Interview from 2005, by Nancy J Price
He could be easily pegged as just another pretty boy, but you’d be selling yourself short by judging singer/songwriter Johnathan Rice too quickly. As adorable as he may be — with the big puppy dog eyes and nouveau-mod hair — he’s less Teen Beat spread and more Times op-ed. His smoky, weathered voice is another surprise. Though only 22 years old, this Scottish-American sounds at least twice as old when he sings.
But most important of all, Johnathan Rice’s gift for music comes through loud and clear as you listen to his 16-track major label debut, Trouble is Real. And word — for real — is getting around. By way of example, REM’s Peter Buck saw a performance, and was impressed enough to invite Rice to open a few of the band’s European dates. Then there’s his turn as Roy Orbison in the movie, “Walk The Line.”
We recently spoke with the witty and well-informed, chatty and charming Johnathan Rice — and he answered these ten questions just for you.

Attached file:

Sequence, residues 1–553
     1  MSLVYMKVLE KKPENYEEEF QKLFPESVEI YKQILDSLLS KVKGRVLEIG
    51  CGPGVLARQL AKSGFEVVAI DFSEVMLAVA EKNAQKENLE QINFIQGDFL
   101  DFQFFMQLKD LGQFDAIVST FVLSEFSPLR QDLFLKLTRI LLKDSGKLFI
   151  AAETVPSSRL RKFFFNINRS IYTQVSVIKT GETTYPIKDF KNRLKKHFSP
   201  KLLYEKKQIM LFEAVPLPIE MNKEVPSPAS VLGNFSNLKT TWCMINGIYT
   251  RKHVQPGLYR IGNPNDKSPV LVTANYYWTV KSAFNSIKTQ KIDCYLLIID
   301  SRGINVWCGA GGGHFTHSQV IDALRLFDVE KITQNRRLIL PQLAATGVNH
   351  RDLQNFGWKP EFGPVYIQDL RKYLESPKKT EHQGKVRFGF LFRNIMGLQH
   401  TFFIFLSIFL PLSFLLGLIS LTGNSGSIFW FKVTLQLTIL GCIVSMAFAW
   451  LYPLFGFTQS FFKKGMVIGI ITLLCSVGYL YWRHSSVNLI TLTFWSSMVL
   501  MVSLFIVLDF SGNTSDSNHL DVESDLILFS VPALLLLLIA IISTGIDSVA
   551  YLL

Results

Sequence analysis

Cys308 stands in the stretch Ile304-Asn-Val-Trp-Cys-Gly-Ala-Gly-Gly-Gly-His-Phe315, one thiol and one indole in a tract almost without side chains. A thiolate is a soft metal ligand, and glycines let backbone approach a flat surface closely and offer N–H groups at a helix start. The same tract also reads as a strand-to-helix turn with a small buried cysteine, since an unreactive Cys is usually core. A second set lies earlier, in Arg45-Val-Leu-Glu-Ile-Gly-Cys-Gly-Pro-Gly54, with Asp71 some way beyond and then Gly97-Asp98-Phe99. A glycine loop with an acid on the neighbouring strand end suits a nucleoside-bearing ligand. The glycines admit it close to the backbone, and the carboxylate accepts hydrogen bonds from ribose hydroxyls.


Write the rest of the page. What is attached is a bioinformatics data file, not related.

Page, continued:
Nancy J Price: So how did you really first get started singing and performing?
Johnathan Rice: Well, I’m Scottish, and we come from a really big Irish Catholic family, and the thing about that part of the world — in the North, up there in Ireland and Scotland — everyone is kind of expected at these large gatherings of people, where there’s lots of alcohol and a really good atmosphere. Everyone starts singing at some point. So when I was very young, I was content just to watch people sing, and then I kind of eased my way into it by learning how to play guitar. My family mostly had these really sweet and clean voices. I always expected that mine would be really sweet and clean, so I was a little afraid when I finally sang and I sounded like I drank barbed wire or something.